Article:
Thunder Road is a raw and honest account of 1950s US bootlegging culture


A CULT classic for both car fans and aficionados of the moonshine trade, Thunder Road is a raw and honest account of 1950s US bootlegging culture.

Robert Mitchum plays Lucas Doolin, a sleepy-eyed, chain-smoking Korean War veteran who returns home to the South to spearhead his family’s illegal whiskey business.

He’s a changed man. Some locals accuse him of acting “worldly”, but his frontline experience has left him dark and untrusting, a morally conflicted loner bucking authority.

Doolin runs his late-night deliveries in modified ‘tankers’ – cars packing large moonshine drums and souped-up mills, along with oil sprayers and quick-release bumpers to keep his enemies at bay.

The constant threat of violence and capture by the dogged ‘T-men’ – US treasury agents – headed by Troy Barrett (Barry), is compounded when local crime boss Carl Kogan (Aubuchon) muscles in looking to put a stranglehold on ’shiner territories.

The death of two fellow runners forces Doolin to distance himself from the idolisation of his kid brother Robin (played by Mitchum’s son James) and the attentions of the starry-eyed Roxanna (Knight). Refusing to side with either the law or the mob has planted a target firmly on his back and he feels bound to keep any further collateral damage at bay.

Doolin runs the gauntlet, taking a stand for his beliefs and his respect for the local ’shiner community; knowing his days are numbered brings a sense of calm and closure to what has become a shattered and troubled life.

Robert Mitchum was well-established as a lead actor by 1958 and Thunder Road was a pet project of his – he also produced the film and co-wrote the script. His portrayal of Doolin is complex. His stony temperament for the majority of the film is offset by glimpses of a softer side imbued with an inherent morality – namely the interactions with his mother Sarah (Koon) and his protective instinct for both Robin and his sultry Memphis lover, Francie (Smith). It adds a sad but intriguing element to Doolin’s character, allowing us to draw our own conclusions and fill in the gaps of his pre-war persona.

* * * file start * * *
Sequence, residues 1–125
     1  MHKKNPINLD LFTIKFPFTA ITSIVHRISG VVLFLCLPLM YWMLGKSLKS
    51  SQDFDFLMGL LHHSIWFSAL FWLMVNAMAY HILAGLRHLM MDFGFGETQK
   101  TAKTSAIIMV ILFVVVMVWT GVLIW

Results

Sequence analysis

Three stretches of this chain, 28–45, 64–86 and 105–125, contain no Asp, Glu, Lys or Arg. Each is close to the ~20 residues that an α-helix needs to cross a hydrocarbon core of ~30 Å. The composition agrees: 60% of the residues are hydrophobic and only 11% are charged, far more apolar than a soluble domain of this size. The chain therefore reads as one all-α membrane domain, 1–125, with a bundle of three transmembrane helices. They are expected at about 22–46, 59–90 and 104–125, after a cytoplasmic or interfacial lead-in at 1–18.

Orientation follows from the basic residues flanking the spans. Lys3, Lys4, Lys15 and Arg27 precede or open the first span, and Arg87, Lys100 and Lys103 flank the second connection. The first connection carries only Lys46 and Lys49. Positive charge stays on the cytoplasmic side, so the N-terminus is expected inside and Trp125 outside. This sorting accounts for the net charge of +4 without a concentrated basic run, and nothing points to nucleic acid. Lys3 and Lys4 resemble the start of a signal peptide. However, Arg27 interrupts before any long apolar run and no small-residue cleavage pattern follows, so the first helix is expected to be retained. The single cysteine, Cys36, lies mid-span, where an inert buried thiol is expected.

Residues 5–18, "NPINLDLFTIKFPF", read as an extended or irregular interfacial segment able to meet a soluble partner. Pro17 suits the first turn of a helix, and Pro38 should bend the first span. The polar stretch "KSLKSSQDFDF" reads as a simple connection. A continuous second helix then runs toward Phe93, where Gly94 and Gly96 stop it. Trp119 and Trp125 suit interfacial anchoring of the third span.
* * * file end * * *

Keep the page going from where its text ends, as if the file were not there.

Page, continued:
Thunder Road is an evocative drama without a happy ending, but its ever-popular theme of rebellion provides a clue as to why it became a drive-in mainstay throughout the 60s and 70s. As this flick is nearly 60 years old, be prepared to cut it some slack; the support acting can be a little awkward and there are a few technical issues that will furrow your brow, but these hiccups are easily trumped by some great chase scenes and plenty of classic iron to drool over. I personally love the bumper-snatchers on the ’57 Chevys driven by the Feds – they literally clamp themselves to the cars they pursue! How handy would that be in the arrogant cut-and-thrust of modern-day traffic?


  • 1950 Ford Custom
  • 1957 Chevrolet 150
  • 1957 Buick Special
  • 1957 Ford Custom
  • 1957 Ford Fairlane 500
  • 1956 Ford Customline
  • 1936 Ford coupe
  • 1940 Ford coupe
  • 1949 Mercury Sport sedan
  • 1957 Lincoln Premiere
  • 1949 Oldsmobile 88


Mitchumco wrote and sang the theme song, The Ballad of Thunder Road, which achieved long-term chart success folliwing the film’s release